Today he's one of Britain's biggest comics, but here Lenny Henry reveals how he used to get really upset when Tiswas host Chris Tarrant criticised his jokes.Lenny Henry, Daily Mail, 29th September 2019
Sir Lenny Henry has been part of British TV since the 1970s when he won talent show New Faces in 1975 at the age of 16. Since then he's done sitcoms, sketch shows, stand-up, the stage, children's TV and charity work.Ian Wolf, On The Box, 19th December 2016
"He was a sort of imp from another planet!"
This documentary about Kenny Everett, who died in 1995, is packed with contributions from his showbiz friends, including Barry Cryer, Chris Tarrant, Billy Connolly and Paul Gambaccini but we also hear from Kenny himself in generous archive footage.
We start with his childhood. He was born in Liverpool on Christmas Day during the war and Everett makes affectionate fun of his mother, a polite and traditional lady who would have hated to be considered 'common' so would carefully arrange a fruit bowl on top of the TV (a terrible place to put your fruit, Everett declares) and would never permit her young son to take a piece as it would upset her nicely arranged display.
His father wasn't quite so genteel, being a tugboat captain on the Mersey and possessing a wicked sense of humour.
From this childhood, a combination of strict manners and cheeky jokes, we trace his journey as he became one of the most beloved and daring comedians of the 1980s.Julie McDowall, The National, 11th December 2015
Former Phoenix Nights star and comedian Paddy McGuinness hosts the last in the series of the entertainment panel show in his usual holiday-rep style. Treading ground previously pioneered by our TV critic Clive James and Chris Tarrant in the Eighties and Nineties, the quiz focuses on wacky news stories and video clips from around the world. Rhys Darby (Flight of the Conchords) and Rufus Hound (Celebrity Juice) head up two celebrity teams. Their guests this week are David Hasselhoff, Louie Spence and Coleen Nolan.Toby Dantzic, The Telegraph, 10th August 2012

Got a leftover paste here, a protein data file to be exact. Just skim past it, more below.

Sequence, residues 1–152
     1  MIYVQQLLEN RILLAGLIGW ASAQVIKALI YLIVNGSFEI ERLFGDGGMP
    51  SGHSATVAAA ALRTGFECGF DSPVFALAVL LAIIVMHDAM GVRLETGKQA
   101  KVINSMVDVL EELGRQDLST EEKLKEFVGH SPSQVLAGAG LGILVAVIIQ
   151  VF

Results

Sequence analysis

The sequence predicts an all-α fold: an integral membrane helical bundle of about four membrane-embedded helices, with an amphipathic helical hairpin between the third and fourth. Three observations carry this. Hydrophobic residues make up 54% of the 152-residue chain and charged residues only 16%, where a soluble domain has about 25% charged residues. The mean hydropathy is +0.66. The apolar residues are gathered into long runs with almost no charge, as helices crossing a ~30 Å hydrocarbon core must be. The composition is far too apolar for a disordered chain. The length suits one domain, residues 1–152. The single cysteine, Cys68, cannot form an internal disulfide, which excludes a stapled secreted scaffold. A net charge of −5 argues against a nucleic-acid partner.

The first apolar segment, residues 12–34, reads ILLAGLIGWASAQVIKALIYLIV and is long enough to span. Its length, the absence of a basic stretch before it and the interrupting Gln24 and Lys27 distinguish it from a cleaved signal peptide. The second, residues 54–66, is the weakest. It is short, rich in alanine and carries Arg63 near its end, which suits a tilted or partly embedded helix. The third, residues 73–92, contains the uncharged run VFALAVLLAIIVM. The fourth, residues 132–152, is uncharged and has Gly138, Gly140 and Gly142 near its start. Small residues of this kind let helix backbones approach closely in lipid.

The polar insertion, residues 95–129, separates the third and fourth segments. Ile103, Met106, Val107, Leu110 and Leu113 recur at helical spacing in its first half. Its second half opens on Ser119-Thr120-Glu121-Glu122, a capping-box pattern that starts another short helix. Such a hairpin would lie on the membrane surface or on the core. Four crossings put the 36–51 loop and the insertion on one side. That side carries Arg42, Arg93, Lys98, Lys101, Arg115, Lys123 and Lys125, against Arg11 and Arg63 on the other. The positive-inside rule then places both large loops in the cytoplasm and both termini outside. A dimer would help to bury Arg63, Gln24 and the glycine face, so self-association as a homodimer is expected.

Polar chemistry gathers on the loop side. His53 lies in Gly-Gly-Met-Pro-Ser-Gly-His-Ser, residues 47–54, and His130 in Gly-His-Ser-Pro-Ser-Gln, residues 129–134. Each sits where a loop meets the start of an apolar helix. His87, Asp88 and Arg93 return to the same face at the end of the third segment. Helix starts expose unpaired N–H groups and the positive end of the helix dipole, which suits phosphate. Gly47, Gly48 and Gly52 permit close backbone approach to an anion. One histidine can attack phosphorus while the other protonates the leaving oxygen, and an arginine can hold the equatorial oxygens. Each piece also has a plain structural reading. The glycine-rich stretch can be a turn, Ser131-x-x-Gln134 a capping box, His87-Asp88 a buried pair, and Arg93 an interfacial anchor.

While some panel shows are having trouble finding their footing, Would I Lie To You? just seems to keep going from strength to strength.
Rob Brydon, David Mitchell and Lee Mack seem to make a perfect team. There's so many angles for them to play with: Mitchell's poshness verses Mack's working class background; Mitchell's southerness and Mack's northerness; Mitchell and Mack's Englishness verses Brydon's Welshness, and so on.
There is one significant change to this new series, however, that being the show is now on before the watershed. This, for me, is a worry. You may remember that this happened to QI when it moved to BBC One, which ended up as a failure and resulted in QI moving back...
However, it would seem that it's survived this changed. The show seems to be just as funny as ever, especially the bit when Mack trying to claim that his ex-girlfriend's names spell out the world "Bermuda". The guests, Alexander Armstrong, Mel Giedroyc, Alex Jones and Chris Tarrant, provided much amusement too.Ian Wolf, Giggle Beats, 17th April 2012
We've been enjoying the funny and impassioned banter this rebooted panel show has prompted. It's in fine fettle again tonight as Alice Cooper rants about reality TV shows, Chris Tarrant bemoans Jedward and Chris Packham shakes his head in despair over his loathing of Chris Moyles, who he describes as 'a totemic figure for the celebration of mediocrity and ignorance'.Colin Kennedy, Metro, 3rd February 2012
Another chance for celebrities to whinge on national television. The new format of this comedy talk show, back after a five-year hiatus, sees three guests putting their gripes to Frank Skinner. The programme has done away with the easy banter and intimacy of previous series. But the gags keep coming, and this week's guests are certainly an eclectic mix: rock god Alice Cooper, TV presenter Chris Tarrant and Springwatch presenter Chris Packham.Josephine Moulds, The Telegraph, 2nd February 2012